6) When searching for a venue, go beyond Wedding Wire and The Knot. See my tips for searching for a wedding venue.
Oh my word! Again, I’m surprised. Surprised that venues would be charging a fee to vendors (caterers) to be on their preferred list! That is a wedding industry no-no! If anything, the vendors on the list should be offering a preferred discount to you when you book with them at that venue site. That’s how it’s supposed to work anyway. My “preferred list” is just that…people who I prefer to work with, who I know will give you excellent customer service and who are reliable and honest. I’m on other vendors’ lists and I certainly do not pay to be on those lists. I consider it an honor to be on their list and if you were to book me through them – you get an exclusive discount for it! Anyway…
Something to think about: bringing in outside alcohol – meaning purchasing your own alcohol and having a hired bartender serve it – can be tricky even with the state license. Although you will be legal and authorized to serve your alcohol on premises, YOU will be the one ultimately responsible for the alcohol at your reception vs. the venue or catering company. I would advise getting wedding insurance if you are going to bring in your own alcohol so that you are protected in case something goes awry. While it does save money to get your own alcohol, stocking a bar out of your own pocket is still quite expensive unless you’re going with a limited bar, like a “white bar” and a keg. And keep in mind that the hired bartender is coming in JUST to mix and pour. He will not be the one to chill your keg or your sodas or mixers. You will have the responsibility of chilling all your drinks, getting them to the reception venue and providing ice. Sometimes it’s worth the money to have the venue or caterer do the bar for you just so you don’t have to deal with all that! It offers peace of mind and you will most likely avoid any nightmares. It’s all about knowing when to DIY and what to DIY.
You’re right about “distance not being cheaper” regarding reception venues. But I know they exist – venues that will work with the vendors you’ve selected or want to select. I’ve worked with them, in the Shenandoah Valley anyway. You just have to find them – maybe think outside the box a little more. Have you searched fire halls ? Here’s one in Woodsboro, MD that lets you have free reign:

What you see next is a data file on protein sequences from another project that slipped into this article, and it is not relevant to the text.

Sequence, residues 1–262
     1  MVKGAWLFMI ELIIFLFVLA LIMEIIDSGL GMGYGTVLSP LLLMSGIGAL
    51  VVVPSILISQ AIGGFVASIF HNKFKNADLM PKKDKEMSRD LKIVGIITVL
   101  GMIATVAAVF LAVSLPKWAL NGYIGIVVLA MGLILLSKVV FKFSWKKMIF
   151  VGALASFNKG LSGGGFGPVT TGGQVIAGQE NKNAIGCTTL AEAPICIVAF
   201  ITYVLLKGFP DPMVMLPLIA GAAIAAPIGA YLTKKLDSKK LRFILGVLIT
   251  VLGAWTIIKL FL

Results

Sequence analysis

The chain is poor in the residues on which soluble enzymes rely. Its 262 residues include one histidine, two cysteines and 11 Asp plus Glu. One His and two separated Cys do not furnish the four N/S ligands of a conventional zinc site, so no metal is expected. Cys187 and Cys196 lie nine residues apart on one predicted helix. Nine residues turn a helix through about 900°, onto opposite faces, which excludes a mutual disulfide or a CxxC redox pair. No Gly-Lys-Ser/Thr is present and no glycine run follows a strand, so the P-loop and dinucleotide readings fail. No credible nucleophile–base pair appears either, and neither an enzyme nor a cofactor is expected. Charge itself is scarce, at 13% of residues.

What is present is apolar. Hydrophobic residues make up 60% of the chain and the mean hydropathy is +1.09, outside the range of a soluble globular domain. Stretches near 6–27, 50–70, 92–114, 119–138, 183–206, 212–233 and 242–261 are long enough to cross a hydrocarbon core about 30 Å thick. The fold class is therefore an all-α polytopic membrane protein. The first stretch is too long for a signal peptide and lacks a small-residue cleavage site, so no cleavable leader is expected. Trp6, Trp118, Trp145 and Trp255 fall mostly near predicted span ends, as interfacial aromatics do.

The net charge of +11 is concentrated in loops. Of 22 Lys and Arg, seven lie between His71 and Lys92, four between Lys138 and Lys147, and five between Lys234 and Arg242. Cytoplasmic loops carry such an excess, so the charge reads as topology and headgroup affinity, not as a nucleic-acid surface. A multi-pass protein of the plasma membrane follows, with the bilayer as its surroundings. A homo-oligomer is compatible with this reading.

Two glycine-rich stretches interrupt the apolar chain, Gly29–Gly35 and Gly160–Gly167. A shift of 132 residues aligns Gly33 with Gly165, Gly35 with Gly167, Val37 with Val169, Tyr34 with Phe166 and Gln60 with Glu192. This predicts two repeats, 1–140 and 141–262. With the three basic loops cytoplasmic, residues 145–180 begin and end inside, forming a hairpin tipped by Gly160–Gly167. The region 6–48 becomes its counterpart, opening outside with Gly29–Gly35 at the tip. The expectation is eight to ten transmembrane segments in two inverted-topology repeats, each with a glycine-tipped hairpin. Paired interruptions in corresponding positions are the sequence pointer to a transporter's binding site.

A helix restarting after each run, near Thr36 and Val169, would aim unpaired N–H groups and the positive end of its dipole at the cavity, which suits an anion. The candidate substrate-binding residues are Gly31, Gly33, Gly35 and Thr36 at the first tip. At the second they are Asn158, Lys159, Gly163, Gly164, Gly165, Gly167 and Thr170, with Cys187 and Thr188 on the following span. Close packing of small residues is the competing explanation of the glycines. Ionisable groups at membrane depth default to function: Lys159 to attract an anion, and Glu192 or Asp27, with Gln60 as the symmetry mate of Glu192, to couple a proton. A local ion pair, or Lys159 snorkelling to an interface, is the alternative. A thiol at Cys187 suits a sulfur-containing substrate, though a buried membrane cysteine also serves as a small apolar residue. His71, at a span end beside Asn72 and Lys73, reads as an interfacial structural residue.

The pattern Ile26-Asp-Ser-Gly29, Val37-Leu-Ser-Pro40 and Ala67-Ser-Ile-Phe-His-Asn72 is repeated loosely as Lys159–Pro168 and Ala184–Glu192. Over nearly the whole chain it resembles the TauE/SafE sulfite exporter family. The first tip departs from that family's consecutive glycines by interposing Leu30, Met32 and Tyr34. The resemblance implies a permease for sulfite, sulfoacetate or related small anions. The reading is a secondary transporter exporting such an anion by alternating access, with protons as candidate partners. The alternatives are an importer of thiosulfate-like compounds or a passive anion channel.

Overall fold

This may not be up your alley – but it might be worth checking out.
I googled “northern virginia fire halls to rent.”
Ask yourself what’s more important to you – what the reception venue looks like or your budget? Your guests will remember the good time they have at your reception, not where you have it! You are a savvy bride…I know you will find the right place. And if a vendor/venue raises your hackles, don’t do business with them. Not worth it! You go girl!
Thanks for your comment Darlene! I don’t want to mention the venue that charged the fee to the caterer, because I found out in a somewhat roundabout way, but it is a very popular venue in the DC area.
Our venue actually requires us to get liability insurance if we’re going to serve alcohol, so we’ll be needing to do that anyway. In fact, I should probably add that to my to-do list to get in touch with my current insurance company to see how much a policy like that would be. The venue said that it’s not that much. Unfortunately, it’s definitely worth the DIY for us to do the alcohol ourselves. Adding it to a catering bill would run us nearly $2000 extra!
Thanks for the additional venue recommendations! We should be hearing from ours any day to find out whether our date has been confirmed. Fingers crossed!
Since you mentioned wedding insurance
Here’s a post with ideas on having a “limited bar” that you might find interesting.
Also, couples are having signature drinks at their wedding. Maybe you’d like to have that at your wedding? You can call it the “Super NoVA” or something. LOL